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What are the different types of disabilities?

According to the charity Scope, there are over 14 million disabled people in the UK. While 4.4 million of these people are in work, there’s almost 10 million disabled people who are not.

If a person has a disability, this means that they suffer with a condition of the mind or body that makes it difficult for them to communicate effectively with others or complete day-to-day activities in the same way as others. This means that their life is in some way limited.

There are four main categories that define disabilities: 

1. Behavioural or emotional.

2. Sensory impaired disorders.

3. Physical.

4. Developmental.

Man with physical disability

What is a behavioural or emotional disability?

A behavioural disorder can be disruptive, and if it is not diagnosed in childhood, it can impact a person’s ability to hold down a job and maintain relationships. Behavioural disorders include anxiety disorders, dissociative disorders, disruptive or impulsive behaviours, and pervasive development disorders. Emotional disabilities are a type of behavioural disability, but that’s because our emotions often influence our actions.

An emotional disability often relates to a disability that prevents a person’s ability to maintain or build interpersonal relationships with others. They can also struggle to control their emotions and often feel unhappy in their life. This means they often act inappropriately in normal circumstances, or suffer with feelings of fear or anxiety, especially in relation to personal matters.

What is a sensory impaired disorder?

This type of disability is quite self-explanatory as it relates to the senses: hearing, smell, taste, touch and sight. If a person has a sensory disability, this means that the senses are no longer at the usual levels that others experience. For example, if you suffer with a vision impairment, this could mean that you need to wear glasses to improve your sight or vision abilities. However, there are more serious vision impairments, as some people are unable to see at all as they are blind.

If you have hearing difficulties or are deaf, you may have a hearing aid, and this is classed as having a hearing impairment. Many older adults also report sensory issues in relation to their taste and touch. Taste issues can impact their eating habits while issues with touch can mean that they struggle to fasten buttons, for example.

What is a physical disability?

A physical disability is a condition that impacts a person’s physical abilities, stamina, mobility and their ability to move and use their hands. There are many obvious physical disabilities, but even a condition such as epilepsy is a physical disability, even though you may not be able to tell visually, or by speaking to the person. That’s because a seizure incapacitates the person who has this condition and can place limitations on a person’s life.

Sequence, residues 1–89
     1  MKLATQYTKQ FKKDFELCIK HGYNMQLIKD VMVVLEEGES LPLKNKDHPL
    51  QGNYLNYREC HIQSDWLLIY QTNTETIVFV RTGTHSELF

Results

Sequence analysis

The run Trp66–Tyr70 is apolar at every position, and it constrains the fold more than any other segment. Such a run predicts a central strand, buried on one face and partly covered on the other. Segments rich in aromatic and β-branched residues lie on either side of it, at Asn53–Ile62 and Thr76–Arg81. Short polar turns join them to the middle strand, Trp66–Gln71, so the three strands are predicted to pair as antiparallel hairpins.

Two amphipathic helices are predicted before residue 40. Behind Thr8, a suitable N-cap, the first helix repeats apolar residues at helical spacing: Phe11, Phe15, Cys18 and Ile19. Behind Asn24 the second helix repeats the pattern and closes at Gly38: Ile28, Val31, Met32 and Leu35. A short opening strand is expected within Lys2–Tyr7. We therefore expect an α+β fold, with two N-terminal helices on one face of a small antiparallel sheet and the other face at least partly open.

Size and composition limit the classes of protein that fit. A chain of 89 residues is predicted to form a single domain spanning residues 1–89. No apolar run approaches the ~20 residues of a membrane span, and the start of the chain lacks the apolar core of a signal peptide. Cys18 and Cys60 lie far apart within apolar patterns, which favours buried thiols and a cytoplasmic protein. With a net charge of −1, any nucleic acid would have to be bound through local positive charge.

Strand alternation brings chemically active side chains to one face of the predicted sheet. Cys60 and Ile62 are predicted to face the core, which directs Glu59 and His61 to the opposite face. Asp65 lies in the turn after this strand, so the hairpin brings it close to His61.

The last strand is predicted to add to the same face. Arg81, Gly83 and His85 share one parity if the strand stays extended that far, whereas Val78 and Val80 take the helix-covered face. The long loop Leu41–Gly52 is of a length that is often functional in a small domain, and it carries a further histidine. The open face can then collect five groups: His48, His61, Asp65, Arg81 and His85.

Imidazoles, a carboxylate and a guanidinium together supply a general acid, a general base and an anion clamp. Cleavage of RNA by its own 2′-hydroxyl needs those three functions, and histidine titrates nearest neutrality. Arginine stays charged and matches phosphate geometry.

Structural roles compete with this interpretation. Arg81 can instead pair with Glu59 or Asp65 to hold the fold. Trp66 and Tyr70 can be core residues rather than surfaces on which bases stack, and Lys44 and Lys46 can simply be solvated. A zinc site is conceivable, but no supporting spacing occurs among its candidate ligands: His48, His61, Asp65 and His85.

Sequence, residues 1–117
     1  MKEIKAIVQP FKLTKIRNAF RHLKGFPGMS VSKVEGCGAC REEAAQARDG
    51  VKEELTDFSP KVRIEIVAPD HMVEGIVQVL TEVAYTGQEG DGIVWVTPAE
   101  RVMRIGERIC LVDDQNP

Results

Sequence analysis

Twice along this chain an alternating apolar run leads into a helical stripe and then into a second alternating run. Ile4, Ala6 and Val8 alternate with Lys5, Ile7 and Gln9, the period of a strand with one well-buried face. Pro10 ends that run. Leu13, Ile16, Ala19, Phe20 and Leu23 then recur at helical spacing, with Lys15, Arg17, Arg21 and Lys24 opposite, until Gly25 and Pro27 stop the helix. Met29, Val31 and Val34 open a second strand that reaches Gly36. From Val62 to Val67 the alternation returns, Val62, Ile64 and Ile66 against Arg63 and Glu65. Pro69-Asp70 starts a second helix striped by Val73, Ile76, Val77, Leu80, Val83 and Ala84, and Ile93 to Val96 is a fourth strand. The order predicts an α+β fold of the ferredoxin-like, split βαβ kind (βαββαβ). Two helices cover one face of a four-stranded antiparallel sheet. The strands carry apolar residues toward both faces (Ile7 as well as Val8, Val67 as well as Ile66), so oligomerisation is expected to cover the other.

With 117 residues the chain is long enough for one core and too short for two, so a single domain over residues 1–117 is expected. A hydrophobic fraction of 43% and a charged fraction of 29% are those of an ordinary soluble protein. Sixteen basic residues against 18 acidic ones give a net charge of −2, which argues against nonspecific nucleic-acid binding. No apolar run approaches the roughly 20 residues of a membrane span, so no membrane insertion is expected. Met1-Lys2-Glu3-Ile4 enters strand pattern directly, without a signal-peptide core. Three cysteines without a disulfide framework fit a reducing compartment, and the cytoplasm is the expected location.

Other physical disabilities include:

  • Brain injuries.
  • Respiratory disorders.
  • Hearing impairments.
  • Spinal cord injuries.
  • Multiple sclerosis.
  • Visual impairments.

The above are just some examples, as there are many, many more types of physical disabilities.

Woman and carer with learning disability

What is a developmental disability? 

A developmental disability refers to conditions that occur during childhood years, as they affect a person’s ability to develop in the same way as others. They impact a person’s ability to learn, impact their language, or initiate behavioural difficulties within a person. These types of conditions are said to develop through childhood, up to the age of 22 years old.

There are said to be five developmental disabilities, which include:

  • Attention deficit hyperactivity disorder (ADHD).
  • Cerebral palsy.
  • Autistic spectrum disorder (ASD).
  • Intellectual disability.
  • Learning disabilities.

Developmental disabilities are often described as being severe and chronic because of the way they limit a person’s life. They can impact self-care, learning, mobility, self-direction, economic self-sufficiency, receptive and expressive language, and independent living.

Visible versus invisible

When we refer to a ‘visible’ disability, we are referring to a disability that presents itself in a physical form, to the naked eye. That means it’s often obvious that a person has a physical disability, but some conditions are not so obvious to spot.

You may have heard some disabilities being described to as ‘invisible’ and this term refers to the conditions that are not so obvious. This means that when you look at or communicate with the person, you may assume they are fit and well as they don’t appear to have a disability.

That’s why it’s important to understand the difference between the two. People who have an invisible disability often claim that they feel others do not always believe they are disabled because their disability isn’t easily noticeable.

Amputation is a visible disability

Visible disabilities

A visible disability is a disability that is obvious to the naked eye and easily noticed by others when they look at or talk to the person with the disability. For example, a person may not be able to physically move in the same way as others, may have a missing limb or facial feature, or have an obvious tremor or shake, all of which are noticeable to others.

Sometimes, a visible disability is easier to explain or accept, because there is evidence of the disability. This shouldn’t be the case, as many people who have invisible disabilities often feel discriminated against and feel that others do not believe they have a disability.

Examples of common visible disabilities include: